Much of eastern Europe still hasn't got the hang of press freedomFear can block even the information highway
Friday July 7, 2000
The wired world was supposed to be peculiarly resistant to attempts to hinder the free flow of information. In the old days, authoritarian states censored the press, padlocked telex machines, tapped phones, jammed broadcasts, and even went to such grotesque lengths as to register every typewriter. With the internet, and with allied changes in broadcasting and print publishing, this kind of crude control was going to go out of the window.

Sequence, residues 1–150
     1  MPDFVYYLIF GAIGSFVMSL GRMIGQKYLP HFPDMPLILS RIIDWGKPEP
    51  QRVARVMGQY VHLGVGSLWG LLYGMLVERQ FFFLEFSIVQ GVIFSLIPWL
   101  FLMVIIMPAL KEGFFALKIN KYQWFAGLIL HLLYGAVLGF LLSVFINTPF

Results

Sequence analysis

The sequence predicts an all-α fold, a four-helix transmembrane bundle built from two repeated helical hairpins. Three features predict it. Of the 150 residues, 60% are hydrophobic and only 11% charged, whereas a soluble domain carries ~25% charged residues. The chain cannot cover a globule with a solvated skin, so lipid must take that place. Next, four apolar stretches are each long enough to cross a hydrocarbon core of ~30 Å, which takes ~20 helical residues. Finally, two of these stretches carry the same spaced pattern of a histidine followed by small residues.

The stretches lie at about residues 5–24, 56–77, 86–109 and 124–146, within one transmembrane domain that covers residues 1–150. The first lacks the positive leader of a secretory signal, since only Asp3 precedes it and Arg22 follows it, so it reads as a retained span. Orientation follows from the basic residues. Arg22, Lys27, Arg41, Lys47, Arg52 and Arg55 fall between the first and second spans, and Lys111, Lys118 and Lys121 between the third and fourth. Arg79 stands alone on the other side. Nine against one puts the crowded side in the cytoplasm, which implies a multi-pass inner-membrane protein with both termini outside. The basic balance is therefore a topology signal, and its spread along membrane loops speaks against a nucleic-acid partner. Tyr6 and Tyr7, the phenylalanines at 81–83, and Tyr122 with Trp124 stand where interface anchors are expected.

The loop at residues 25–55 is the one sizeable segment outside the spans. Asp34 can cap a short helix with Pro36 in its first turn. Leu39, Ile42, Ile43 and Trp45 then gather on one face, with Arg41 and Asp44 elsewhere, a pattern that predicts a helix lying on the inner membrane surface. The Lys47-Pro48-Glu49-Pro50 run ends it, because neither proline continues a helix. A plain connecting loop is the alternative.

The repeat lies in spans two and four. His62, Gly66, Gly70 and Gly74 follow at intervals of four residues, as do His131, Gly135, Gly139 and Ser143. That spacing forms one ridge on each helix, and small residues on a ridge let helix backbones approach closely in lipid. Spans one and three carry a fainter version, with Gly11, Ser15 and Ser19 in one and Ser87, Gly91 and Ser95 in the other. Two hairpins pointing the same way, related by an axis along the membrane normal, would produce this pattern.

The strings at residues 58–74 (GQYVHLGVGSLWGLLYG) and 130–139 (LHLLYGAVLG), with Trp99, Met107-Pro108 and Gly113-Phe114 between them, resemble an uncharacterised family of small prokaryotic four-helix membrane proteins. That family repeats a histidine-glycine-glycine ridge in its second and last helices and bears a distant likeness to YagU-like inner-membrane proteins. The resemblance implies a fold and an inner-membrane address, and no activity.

Sadly, while it is true that the new technology can be an aid to the critical journalism societies need if they are to become, or to remain, democratic, it is also true that the hardware matters much less than the software - in this case that softest and most vulnerable of stuffs, the individual human being. States have not ceased to try to control the hardware, as Russian and Chinese efforts to restrict the internet show. But the new strategies of information control target people even more than in the past, aiming to intimidate them into a self-censorship that can be frighteningly effective. Worse, such intimidation can also be effective in choking off those international efforts to bypass domestic information control which new technology was supposed to enhance. Those efforts depend on the readiness of journalists and others to transmit information out of their countries so that it can become internationally known, and, crucially, so that it can then be transmitted back to the country concerned. Here it is certainly the case that the net, as well as international broadcasting, cannot be as easily shut down as other information conduits in the past. But if you can frighten the information gatherers into silence, all the technical wizardry in the world will be to no avail. There is no electronic substitute for the human act of witness.